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The Italian neoclassical sculptor Antonio Canova was known as the creator of marble sculptures, which were delicately sculpted into naked people. One of his most famous sculptures is Psyche Revived by Cupid's Kiss, also known as Psyche and Cupid, which he sculpted between 1787 and 1793. In this sculpture, Canova portrayed the loving embrace of two major characters from Greek mythology: Love, or Cupid in Latin, and the soul, Psyche. He captures two sides of love; its incredible strength and its fragility and tenderness. The original Psyche Revived by Cupid's Kiss sculpture is currently on display at the Louvre in Paris.

The series of works by the Romanian sculptor Constantin Brâncuși, entitled The Kiss, is one of the most famous depictions of love in the history of art. There were several versions of The Kiss that Brâncuși sculpted, each of them simplifying the concept of sparse objects and geometry in his forms further. The original sculpture is in Muzeul de Arta in Romania. This early plaster sculpture is one of six casts that Brâncuși made of the 1907–08 The Kiss. The sculpture The Kiss, which can be seen at the Philadelphia Museum of Art, marked a great departure from the emotional realism of the famous sculpture.

Both Auguste Rodin and Constantin Brâncuși has their own The Kiss sculpture. Both sculptures by these two famous sculptors, working in the same city, are of the same subject and both are carved directly into the stone. Also, their sculptures are the same by name but different by meaning. There's hardly a way to compare the two sculptures otherwise; they look like they hail from different worlds entirely. Rodin's sculpture is more academic and conventional while Brâncuși's sculpture is more primal and addresses a basic emotion in the heart and soul of humanity in a more direct manner.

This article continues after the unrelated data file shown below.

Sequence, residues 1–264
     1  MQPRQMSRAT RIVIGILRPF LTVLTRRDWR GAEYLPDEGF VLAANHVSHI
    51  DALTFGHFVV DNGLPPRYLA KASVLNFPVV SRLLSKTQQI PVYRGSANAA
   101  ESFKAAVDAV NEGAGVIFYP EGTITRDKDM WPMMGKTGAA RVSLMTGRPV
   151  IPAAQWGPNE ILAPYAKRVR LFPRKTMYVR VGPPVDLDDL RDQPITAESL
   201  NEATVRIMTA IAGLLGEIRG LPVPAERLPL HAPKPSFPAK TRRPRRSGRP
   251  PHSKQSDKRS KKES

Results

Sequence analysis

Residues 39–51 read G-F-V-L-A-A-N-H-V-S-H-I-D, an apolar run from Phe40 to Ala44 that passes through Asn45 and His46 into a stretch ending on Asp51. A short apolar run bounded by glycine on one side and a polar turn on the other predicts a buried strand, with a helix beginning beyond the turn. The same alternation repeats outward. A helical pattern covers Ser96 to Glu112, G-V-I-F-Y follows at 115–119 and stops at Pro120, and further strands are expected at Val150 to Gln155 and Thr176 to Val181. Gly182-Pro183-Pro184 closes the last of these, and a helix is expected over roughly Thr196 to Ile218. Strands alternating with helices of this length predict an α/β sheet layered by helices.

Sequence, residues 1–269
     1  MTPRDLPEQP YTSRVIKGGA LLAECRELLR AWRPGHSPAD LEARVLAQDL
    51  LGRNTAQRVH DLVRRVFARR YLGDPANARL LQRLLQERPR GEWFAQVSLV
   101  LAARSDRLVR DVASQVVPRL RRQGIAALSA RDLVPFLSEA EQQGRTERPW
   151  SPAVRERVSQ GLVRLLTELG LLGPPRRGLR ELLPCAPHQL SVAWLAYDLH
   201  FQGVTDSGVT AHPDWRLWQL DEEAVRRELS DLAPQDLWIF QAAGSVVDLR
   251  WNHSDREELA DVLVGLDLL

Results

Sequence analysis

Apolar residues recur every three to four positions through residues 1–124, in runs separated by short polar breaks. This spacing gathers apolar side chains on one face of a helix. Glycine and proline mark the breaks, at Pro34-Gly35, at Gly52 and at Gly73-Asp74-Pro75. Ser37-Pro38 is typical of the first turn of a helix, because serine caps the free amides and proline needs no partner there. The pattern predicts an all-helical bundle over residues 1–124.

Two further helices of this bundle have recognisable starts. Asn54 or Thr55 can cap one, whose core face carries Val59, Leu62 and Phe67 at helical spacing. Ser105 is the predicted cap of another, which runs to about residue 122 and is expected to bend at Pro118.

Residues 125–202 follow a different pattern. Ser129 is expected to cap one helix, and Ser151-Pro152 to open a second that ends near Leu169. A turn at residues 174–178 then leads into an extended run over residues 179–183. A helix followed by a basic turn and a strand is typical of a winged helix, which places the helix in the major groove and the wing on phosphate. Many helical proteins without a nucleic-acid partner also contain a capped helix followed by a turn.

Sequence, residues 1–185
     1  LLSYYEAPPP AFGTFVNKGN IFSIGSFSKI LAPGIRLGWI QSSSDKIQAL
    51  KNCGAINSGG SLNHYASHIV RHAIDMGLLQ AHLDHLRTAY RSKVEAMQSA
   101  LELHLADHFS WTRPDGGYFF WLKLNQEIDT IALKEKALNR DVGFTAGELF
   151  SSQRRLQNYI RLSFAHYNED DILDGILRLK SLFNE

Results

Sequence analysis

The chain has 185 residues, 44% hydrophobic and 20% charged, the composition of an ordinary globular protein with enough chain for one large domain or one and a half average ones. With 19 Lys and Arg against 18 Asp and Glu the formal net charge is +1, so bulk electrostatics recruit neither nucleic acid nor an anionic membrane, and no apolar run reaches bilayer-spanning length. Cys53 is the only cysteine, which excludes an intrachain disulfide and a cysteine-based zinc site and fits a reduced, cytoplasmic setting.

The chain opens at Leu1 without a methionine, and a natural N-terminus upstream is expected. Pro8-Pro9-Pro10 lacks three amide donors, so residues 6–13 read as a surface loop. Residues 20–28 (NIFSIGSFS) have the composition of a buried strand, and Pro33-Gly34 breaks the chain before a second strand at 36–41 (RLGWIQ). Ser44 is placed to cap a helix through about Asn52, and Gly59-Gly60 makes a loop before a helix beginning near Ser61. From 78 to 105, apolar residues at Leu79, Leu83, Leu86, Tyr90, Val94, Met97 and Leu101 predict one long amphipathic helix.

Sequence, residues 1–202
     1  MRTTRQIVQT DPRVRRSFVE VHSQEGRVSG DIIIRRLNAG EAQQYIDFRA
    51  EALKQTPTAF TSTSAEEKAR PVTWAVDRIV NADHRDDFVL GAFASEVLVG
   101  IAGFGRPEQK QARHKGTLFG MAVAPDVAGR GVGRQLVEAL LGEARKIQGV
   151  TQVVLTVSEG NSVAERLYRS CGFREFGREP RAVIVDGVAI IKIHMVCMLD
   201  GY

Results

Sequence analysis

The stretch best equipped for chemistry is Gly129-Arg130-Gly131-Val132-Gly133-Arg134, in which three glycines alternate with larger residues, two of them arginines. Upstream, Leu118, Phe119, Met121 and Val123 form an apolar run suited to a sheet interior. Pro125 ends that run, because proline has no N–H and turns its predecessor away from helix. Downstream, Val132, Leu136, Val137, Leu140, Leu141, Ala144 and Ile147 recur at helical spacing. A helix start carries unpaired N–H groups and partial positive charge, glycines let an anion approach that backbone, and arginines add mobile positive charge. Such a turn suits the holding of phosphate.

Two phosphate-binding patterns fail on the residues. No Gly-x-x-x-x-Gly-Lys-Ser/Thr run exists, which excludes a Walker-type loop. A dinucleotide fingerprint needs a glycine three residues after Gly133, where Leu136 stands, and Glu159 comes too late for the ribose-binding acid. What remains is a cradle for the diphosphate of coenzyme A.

Četvrtak, 02 Decembar 2021 12:30

Auguste Rodin's inspiration for The Kiss

Trained in the traditions of eighteenth-century art, captivated by the works of Renaissance artist Michelangelo and fascinated by the works of classical Greece, Auguste Rodin broke the rules and the mold in many of his sculptures. Rodin's main inspiration for The Kiss comes from a literary source, and its classical composition was taken from classic sculptures of his time. He captures a tangible feeling of the psychology of love in the way the bodies of Paolo and Francesca for The Gates of Hell meld into one another, portraying the essence of complete passion.

The famous marble sculpture The Kiss from 1882 by the French sculptor Auguste Rodin represents a sensuality that shocked contemporaries. The embracing couple depicted in the sculpture was originally part of a group of reliefs adorning Rodin's monumental bronze portal known as The Gates of Hell, commissioned for the planned Art Museum in Paris. This couple was later removed because it depicted a positive state contradicting the overall tone of the Inferno gates. Rodin transformed the group into an independent work which the public called The Kiss and exhibited it with his Monument to Balzac in 1898. Today, the sculpture The Kiss is in the Rodin Museum in Paris, and it is still one of the most famous and most adored sculptures in the world.